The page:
What I Talk About When I Talk About ‘VR’

Photo 20140501_172830 by Janus Sandsgaard of what (with any luck) VR will not become. :)

In recent weeks, and much to my surprise given my historic and well documented skepticism on the matter, I’ve found myself more and more fascinated with virtual, mixed and augmented reality. Here’s why!


IoT, machine learning, conversational UIs, bots, VR, and even (after all these years) mobile may be hot topics today, but these technologies are already beginning to converge. It’s through this convergence that they will thrive, and in the not-too-distant future largely disappear from active conversation as they become our new ‘normal’. To me, VR isn’t a hot new thing but a small piece of a larger and emerging whole.

No technology develops in a vacuum, and the onslaught of new and colliding technologies has started to significantly change the way we express ourselves, relate to each other, and to the world around us. Fuelled in great part by mobile, social, and an increasingly global audience, we’ve witnessed a huge growth in remix culture. This cultural malleability will no doubt continue to grow as fantastic (and occasionally creepy) new technologies such as real-time face capture and re-enactment cause us to increasingly question How [We] See the World.

Where the Web meets the World

With over a decade in mobile and a previous life in theatre, animation, and ‘rich media’ authoring, I see lots to explore in the world we are about to enter. While yiibu continues it’s current focus, Steph and I have decided to explore our VR/AR ideas through a new side-project called oorümchi.

Here are just a few things we’ll be looking at:

Social objects

If animated GIFs, AMP, Facebook Instant Articles and Snapchat’s latest experiments have taught us anything, the ‘best’ experience is often immaterial compared to something ‘good enough’ that you can easily share with those around you.

What is the VR equivalent of a small, meaningful, easily shareable social thing?

Progressive enhancement

We have enough technology silos these days. Let’s not create a bunch more.

How can we learn from progressive enhancement on the web to deliver experiences that begin on a ‘vanilla’ mobile (or even in the real world using the physical web) and are then enhanced as a user moves up the ‘experience stack’ — from cheap and cheerful Google Cardboard, to Gear VR-style commodity hardware, to a full-blown Oculus-style experience (and maybe even higher)?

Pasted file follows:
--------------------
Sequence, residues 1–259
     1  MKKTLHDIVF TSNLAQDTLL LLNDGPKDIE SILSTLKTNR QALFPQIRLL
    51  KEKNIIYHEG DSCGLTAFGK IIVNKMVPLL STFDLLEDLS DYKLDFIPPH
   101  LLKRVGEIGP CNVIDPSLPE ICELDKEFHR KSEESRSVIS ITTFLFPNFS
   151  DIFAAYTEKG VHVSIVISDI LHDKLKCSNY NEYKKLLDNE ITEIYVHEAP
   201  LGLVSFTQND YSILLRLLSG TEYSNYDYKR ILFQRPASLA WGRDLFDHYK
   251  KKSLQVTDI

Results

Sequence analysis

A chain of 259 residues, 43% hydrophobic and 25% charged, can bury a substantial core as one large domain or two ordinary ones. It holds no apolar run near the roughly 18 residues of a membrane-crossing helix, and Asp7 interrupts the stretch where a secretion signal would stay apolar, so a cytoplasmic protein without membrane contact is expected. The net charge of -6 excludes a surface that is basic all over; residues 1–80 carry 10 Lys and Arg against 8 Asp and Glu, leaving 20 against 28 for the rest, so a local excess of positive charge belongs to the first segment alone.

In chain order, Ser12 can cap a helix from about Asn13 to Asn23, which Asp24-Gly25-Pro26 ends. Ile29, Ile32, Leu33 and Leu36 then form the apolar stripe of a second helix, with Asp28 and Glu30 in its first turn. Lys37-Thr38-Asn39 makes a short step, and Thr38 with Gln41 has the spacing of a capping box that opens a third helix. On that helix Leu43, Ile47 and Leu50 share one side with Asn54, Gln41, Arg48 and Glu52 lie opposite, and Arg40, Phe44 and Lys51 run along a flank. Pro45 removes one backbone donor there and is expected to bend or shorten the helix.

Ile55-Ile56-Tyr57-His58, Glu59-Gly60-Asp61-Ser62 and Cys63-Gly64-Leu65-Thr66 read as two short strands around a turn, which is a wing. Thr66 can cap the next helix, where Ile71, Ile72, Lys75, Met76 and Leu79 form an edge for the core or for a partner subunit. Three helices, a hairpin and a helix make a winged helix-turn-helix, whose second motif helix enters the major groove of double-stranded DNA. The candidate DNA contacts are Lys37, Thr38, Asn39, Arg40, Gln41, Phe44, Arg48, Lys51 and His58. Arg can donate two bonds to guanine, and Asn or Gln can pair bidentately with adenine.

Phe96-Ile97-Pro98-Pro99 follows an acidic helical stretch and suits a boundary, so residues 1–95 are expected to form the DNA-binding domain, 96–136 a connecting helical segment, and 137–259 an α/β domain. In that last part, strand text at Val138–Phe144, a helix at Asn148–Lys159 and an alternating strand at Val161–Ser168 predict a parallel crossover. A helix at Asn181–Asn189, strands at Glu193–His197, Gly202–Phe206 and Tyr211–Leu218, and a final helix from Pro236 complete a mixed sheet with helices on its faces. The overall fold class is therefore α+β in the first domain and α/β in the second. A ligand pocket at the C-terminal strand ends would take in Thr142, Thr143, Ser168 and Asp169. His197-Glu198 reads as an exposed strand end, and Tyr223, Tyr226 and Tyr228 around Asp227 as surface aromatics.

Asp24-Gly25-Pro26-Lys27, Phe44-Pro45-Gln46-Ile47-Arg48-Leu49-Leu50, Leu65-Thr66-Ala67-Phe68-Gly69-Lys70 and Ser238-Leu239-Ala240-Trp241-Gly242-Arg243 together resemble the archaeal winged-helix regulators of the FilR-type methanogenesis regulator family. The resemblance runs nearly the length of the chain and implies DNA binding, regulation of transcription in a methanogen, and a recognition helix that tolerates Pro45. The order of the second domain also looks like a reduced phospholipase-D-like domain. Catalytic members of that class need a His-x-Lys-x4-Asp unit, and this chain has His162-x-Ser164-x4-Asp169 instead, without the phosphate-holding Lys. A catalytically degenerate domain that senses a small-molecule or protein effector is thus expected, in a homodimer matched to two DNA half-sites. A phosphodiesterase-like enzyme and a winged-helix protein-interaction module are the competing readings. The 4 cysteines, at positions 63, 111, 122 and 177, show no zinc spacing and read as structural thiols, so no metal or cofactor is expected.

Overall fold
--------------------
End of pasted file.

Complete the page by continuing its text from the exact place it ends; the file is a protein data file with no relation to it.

Just enough and just-in-time VR

The best VR experiences already leverage more than just sight, and multi-sensory experiences will no doubt only improve as sensors, controllers, and other bespoke gear comes to market. But how much augmentation do we really need?

How little must we augment reality to fundamentally improve an experience?

Reality is augmented when it feels different, not when it looks different.
- Kevin Slavin, from “Reality is Plenty, Thanks.”

Where to next?

A new generation of users are leveraging emerging platforms and technologies to create experiences that may not fit our current definitions of VR — but aren’t really that far off.

What other experiences could we create if we let go of current definitions (or at the very least, assumptions) of what is ’virtual’ or ‘augmented’?

The long nose of technology

Current generation VR is far from perfect. The hardware is either clunky or expensive (and sometimes both), the experience can be isolating (which depending on the context is good or bad) and the gear is neither convenient nor fashionable. Similar concerns were however voiced about radio, television, computers, and mobile devices before we hit the sweet spot where their benefits began to outweigh their (socio-cultural, technological, and economic) negatives.

Technology alone is not enough — it’s technology married with liberal arts, married with the humanities, that yields us the results that make our heart sing. - Steve Jobs

We’re are the very start of this journey with VR/AR, and while it may be years before we have the same degree of experience and literacy in the medium that we currently have with print, film, TV and the web, it’s really exciting to be involved in the early experiments that will ultimately shape that understanding.

Gertie the Dinosaur, Winsor McCay, 1914 — look for the early mixed reality in the final few seconds. :)

If you’re interested in following along, I’ve created another Twitter account focused on exploring these ideas — oorümchi.

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